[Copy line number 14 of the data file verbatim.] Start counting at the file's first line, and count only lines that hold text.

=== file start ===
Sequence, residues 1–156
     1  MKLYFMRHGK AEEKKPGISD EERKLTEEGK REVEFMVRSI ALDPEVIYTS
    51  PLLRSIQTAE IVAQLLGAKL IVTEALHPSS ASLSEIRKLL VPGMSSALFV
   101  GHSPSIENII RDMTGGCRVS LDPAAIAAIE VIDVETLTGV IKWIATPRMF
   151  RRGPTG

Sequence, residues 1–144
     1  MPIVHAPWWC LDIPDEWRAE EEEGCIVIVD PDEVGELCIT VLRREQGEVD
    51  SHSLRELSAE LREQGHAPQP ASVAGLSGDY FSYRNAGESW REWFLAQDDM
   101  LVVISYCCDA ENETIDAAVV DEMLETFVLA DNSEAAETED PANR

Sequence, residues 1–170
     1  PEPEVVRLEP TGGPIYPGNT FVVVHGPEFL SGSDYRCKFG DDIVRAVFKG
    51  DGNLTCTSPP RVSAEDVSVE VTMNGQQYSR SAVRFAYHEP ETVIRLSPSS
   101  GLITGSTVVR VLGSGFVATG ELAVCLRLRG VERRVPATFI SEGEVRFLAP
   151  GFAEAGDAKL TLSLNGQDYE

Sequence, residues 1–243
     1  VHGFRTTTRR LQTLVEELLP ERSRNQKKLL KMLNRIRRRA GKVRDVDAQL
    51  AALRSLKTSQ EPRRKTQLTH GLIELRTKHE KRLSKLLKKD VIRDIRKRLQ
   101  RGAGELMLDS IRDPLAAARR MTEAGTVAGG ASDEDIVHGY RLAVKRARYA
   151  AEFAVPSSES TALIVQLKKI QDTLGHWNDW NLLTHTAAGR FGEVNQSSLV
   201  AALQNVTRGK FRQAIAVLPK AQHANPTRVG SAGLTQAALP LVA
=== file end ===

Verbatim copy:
   151  GFAEAGDAKL TLSLNGQDYE